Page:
I’ve been writing stuff for money — fiction, non-fiction, direct mail, web content — for just about 40 years now. Think about that: forty years. Wait. Don’t think about that. I mean: forty years. Wow.
Over that quartet of decades, I’ve written literally more stuff than I can count, often in media that no longer exist. I have an undying love for genre fiction (horror, sf, fantasy, thrillers), pop culture, good audio, great direct marketing copy, and passionate prose (no, not that kind of passion…though, wait, that kind of passion ain’t bad either.)
Short version: I wrote my first novel, The Mad Throne, published a few decades back by CBS/Popular Library. Shortly thereafter I had my first radio feature, The Daily Review, on the long-gone KTMS-FM in Santa Barbara, California, and published my first monthly magazine, The Santa Barbara Times. The long-forgotten recession of the late Seventies (I’m looking at you, Jimmy Carter interest rates!) reconfigured everything, and I moved to L.A. around 1980. I spent the next twenty years or so writing, editing, and marketing books and magazines for a whole lot of people – at one point, it felt like every trade or consumer publisher on the West Coast, most of which are gone or evolved now.
Some of the highlights: Radio & Records, Petersen Publishing, SAGE Publishing, Nickelodeon’s ParentsConnect.com (which is still there!) and a whole bunch of newsletter and trade publishers you’ve never heard of and no longer exist (special shout-out to Hospital Gift Shop Management. Yo!). Helped to start and then ran screaming from the ultimately unsuccessful launch of a monthly comics line for TSR, the then-owners of Dungeons & Dragons, along with Steven Grant (2 Guns, Whisper, Punisher: Circle of Blood and a ton more). Freelanced with some success while doing other important life-things for most of the last decade, then all sort of things fell apart – some economic, some personal, all my own damn fault – and then DiabetesInsight came along (see below), and here we are. More cool “lost projects” at the end of all this, but …
Let’s take it from the most recent and work our way back:
The Rain Triptych (2015) is a three-book horror “series” published by Permuted Press. I like to think of it as a “supernatural disaster” novel (get it?), and the three books exist side-by-side, three sets of stories that take place in the same horrible three-day period in the dying city of Dos Hermanos, California. You can read all about it here.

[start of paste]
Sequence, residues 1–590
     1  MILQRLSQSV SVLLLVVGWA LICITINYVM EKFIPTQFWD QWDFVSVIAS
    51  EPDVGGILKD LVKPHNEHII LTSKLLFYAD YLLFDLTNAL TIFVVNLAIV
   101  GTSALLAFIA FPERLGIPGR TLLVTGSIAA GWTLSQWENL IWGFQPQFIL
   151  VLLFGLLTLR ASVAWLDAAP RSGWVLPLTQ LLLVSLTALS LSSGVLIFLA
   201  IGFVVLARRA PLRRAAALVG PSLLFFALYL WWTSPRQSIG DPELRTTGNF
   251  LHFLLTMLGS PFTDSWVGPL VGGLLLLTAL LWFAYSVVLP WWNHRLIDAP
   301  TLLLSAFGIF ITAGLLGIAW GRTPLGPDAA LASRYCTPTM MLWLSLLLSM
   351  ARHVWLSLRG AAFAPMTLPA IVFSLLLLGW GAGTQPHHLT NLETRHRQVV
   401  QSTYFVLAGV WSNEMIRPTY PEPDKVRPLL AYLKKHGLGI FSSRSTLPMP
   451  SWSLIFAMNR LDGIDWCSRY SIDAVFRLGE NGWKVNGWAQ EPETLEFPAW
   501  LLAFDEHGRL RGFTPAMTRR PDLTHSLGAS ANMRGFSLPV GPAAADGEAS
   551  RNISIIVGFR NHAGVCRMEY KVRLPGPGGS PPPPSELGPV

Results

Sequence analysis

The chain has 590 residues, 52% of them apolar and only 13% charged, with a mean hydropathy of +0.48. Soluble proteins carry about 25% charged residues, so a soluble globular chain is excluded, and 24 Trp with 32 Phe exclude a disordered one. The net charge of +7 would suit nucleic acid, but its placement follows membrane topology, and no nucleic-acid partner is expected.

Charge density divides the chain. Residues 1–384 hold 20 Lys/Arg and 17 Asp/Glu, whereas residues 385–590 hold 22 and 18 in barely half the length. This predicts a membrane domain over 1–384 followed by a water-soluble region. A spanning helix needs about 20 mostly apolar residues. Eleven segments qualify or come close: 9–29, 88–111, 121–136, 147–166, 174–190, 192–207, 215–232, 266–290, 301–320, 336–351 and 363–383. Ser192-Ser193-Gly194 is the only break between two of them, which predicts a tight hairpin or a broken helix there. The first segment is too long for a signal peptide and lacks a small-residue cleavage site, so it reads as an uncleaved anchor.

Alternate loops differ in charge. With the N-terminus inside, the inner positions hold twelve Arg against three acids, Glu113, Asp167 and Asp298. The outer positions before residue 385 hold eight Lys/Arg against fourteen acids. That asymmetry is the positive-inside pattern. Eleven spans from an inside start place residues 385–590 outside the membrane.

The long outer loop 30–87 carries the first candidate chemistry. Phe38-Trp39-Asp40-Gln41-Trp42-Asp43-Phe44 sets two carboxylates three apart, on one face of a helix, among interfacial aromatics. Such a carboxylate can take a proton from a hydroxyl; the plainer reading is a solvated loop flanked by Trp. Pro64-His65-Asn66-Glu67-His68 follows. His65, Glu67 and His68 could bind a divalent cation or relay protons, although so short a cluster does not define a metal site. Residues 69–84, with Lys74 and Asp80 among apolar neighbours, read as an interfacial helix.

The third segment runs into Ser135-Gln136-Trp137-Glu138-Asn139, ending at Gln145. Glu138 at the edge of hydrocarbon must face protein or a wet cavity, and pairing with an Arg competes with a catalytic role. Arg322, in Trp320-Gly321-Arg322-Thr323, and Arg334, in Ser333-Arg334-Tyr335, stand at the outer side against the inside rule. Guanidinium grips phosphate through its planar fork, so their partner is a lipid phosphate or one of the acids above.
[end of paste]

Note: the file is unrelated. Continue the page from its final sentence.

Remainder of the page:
WolfCop (2014)is a horror-comedy-action novel commission by Permuted Press and CineCoup, the nice ‘n crazy folks who made the Canadian cult classic WolfCop last year. It’s not a novelization; it’s an original story set in the WolfCop universe, using some of the key characters from the movie and adding some new ‘cast’ members all our own. You can buy it – e-only at the moment – here from Permuted Press.
AmitvyilleNow.com (ongoing) is a pop-culture web site, “The best of horror, sci fi, suspense, and the supernatural” – a combination of curated news and reviews, powred by John G. Jones of Amityville Horror fame. I’ve been John’s editor and co-writer on about 10,000 projects for almost that many years; this is our place to talk about what we love in these related genres. Pretty much all the content comes from me; it’s updated multiple times a week.
Diabetes Insight (monthly) is an audio-print publication from Audio Digest Foundation and the American Diabetes Association. I admit: it started as a pay-the-bill project almost five years ago, but it’s become much more for me since then…and not just because, irony of ironies, I was diagnosed with type 2 diabetes a year after I started editing this publication. My co-editor/host John Anderson, late of the ADA and leader of the amazing * Clinic in Nashville, is one of the most interesting guys I’ve ever worked with, and the interviews and lectures we pass along to primary care physicians about the diagnosis, mechanisms, treatment and prevent of diabetes actually kind’a matters. And yes, it also pays a bunch of bills, so there’s that. It’s an expensive sub, meant for doctors, but one o’ these days I’m going to do some kind of consumer-level content as well. You can look and listen to a bit here.